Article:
Let's see if this joke can get your attention on a flies-dropping-dead hot Sunday. Why are so many manholes and borewells across the country left uncovered? Answer: So that if you fall into one of them, you'll still be able to see the light at the end of the tunnel.
If you have any fast-curdling milk of human kindness in you, you should be dashing off a letter right now to this paper, demanding that this tasteless, offensive column be yanked off the page immediately. If the aforementioned 'joke' didn't strike you as being in exceedingly poor taste, coming as it does exactly a week after a four-year-old girl's lifeless body was pulled out of a 70-feet hole some four days after she had fallen into it while she was playing outside her house, then I'd be seriously upset.
But hold your mules for a moment and consider this: you're offended by an attention-seeking line appearing in a national paper, but you were upset - maybe for even a few days after the TV cameras stopped rolling outside a house in Koh village in Haryana - when Mahi died a long-drawn, suffocating and terrifying death inside a dry borewell that a) wasn't supposed to have been there by law b) and that should have remained covered? As my friends say in angry desperation when I refuse to pay for my drinks: kamaal hain, yaar!
I'm not one of those folks who demand that everything should be stalled until all Indians are provided basic social welfare. It was good that we spent oodles to host a Commonwealth Games; having nukes is more than just arming up; and I'll be damned if the plug is pulled on the Indian space mission. We're a giant Third World caterpillar that moves its front forward even as most of its body always lingers multiple feet behind, waiting to be dragged ahead. Despite the quality of life having improved over the last 20 years for an overwhelming number of Indians, yes, we're still a Third World country. Look around and deal with it.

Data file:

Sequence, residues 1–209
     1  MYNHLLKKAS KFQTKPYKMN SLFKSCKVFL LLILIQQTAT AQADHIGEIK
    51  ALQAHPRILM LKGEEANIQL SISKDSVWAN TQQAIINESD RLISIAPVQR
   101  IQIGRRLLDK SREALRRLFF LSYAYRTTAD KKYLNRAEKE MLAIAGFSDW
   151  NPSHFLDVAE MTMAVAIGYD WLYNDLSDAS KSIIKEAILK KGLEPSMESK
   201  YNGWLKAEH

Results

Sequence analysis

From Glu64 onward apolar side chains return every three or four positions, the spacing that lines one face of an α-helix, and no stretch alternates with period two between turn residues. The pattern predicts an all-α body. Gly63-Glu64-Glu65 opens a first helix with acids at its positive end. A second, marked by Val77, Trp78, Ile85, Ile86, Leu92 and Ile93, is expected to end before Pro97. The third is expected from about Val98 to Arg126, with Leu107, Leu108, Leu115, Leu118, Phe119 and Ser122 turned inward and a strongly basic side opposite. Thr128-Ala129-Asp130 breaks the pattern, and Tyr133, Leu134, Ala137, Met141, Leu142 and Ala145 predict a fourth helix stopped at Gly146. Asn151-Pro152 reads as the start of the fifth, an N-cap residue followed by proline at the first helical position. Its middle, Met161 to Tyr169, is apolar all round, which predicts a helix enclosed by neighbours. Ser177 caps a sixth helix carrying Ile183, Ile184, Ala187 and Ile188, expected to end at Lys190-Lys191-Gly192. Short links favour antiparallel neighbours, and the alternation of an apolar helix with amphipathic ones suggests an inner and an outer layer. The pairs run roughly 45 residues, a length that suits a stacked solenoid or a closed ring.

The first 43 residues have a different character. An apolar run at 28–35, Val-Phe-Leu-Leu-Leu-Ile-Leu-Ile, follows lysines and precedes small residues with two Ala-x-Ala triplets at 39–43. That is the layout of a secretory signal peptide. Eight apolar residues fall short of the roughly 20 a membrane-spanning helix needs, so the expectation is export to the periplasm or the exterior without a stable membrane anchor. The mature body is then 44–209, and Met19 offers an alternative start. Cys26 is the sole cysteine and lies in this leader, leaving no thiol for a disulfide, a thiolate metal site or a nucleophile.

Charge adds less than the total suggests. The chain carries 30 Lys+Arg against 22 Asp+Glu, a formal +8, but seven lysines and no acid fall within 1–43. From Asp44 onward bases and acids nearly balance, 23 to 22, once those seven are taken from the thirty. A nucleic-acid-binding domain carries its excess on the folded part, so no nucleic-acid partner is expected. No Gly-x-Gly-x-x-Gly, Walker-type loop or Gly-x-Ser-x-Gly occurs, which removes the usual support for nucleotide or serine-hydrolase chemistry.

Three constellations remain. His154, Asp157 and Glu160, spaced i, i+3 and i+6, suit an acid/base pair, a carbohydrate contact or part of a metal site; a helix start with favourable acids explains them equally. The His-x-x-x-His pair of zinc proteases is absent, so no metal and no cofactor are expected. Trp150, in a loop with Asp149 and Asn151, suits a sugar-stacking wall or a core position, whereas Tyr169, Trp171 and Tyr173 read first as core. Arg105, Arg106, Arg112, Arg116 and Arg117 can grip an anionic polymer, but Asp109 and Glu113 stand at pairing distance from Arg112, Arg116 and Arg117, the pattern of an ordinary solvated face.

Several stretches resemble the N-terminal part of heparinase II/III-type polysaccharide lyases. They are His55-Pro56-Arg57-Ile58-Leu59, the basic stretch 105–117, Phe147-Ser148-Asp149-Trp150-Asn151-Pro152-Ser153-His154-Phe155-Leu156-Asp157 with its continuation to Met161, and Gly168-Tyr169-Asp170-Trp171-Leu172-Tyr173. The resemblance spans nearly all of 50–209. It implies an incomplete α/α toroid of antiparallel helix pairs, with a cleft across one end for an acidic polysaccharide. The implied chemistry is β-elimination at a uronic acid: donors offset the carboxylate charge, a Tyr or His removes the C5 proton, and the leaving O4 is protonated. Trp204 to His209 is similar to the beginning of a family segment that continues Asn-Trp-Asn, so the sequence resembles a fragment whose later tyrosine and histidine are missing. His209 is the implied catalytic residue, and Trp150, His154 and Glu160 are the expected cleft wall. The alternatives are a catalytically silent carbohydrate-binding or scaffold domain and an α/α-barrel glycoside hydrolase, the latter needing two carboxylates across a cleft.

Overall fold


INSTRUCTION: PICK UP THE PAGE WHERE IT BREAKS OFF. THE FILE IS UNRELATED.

But covering holes in the ground? What massive fiscal boosts are needed to put a lid on open borewells? In a society that across economic classes doesn't remotely care what 'civil' or 'civic' means - a traffic signal crossing in your city or town is one venue where this is on display - it's easy to lay all the blame at the door of 'authorities' and look to the ma-baap law to proclaim what's common sense: wear helmets while on a two-wheeler; don't drive on the wrong side of the road; have unhindered fire exits in buildings (and cinemas)... cover borewells.
After a Supreme Court order in 2009, the central government issued guidelines for the maintenance of borewells in early 2010. This essentially was to keep tabs on every borewell being dug up. Considering that about 85% of rural and 50% of urban drinking and industrial needs - not to mention 55% of irrigation needs - are met by groundwater, doing away with borewells - rudimentary holes dug to reach underground water - isn't an option yet. Earlier this year, rural development minister Jairam Ramesh announced government plans to provide 90% of all rural households piped water by 2022 by moving the focus (and funds) from hand pumps to surface water supplies. The unwashed masses, though, will have to wash and drink water over the next 10 years.
Laws by themselves have been as helpful as a year's supply of toilet paper in a village loo. Mahi's distraught father can cry hoarse about his landlord, on whose property the borewell is situated, and the police not responding to his frantic calls when his daughter fell into it. But it was Mahi's uncle who had moved the stone slab covering the borewell to make parking space for his auto-rickshaw.
The problems that come with bits and bobs of industrialisation being glued on to what's essentially a pre-industrialist society with post-industrialisation aspirations are many. And compared to other challenges related to the economy, social welfare and justice, and communal relations, borewell policing isn't high on anybody's list. It should. The last time anyone grappled with such banal problems on a war footing without people telling him to put his energy elsewhere was probably Mohandas Gandhi, who launched a permanent sanitation campaign. Look what happened there.
The day Mahi's lifeless body was hauled out of one borewell, Rausan Ali Mondal fell into another dry well in Eksara village in West Bengal. His lifeless body came out the next day. But by then, the national horror-show of the week was already over. 'Rausan' was a boring sequel to 'Mahi'. With 'young' Rausan's age not even mentioned in the news reports, how were we expected to break into our brand of anger-sorrow in response to another disappearance down the hatch in the Third World? Couldn't the chap, I hear both you and I think, see where he was going?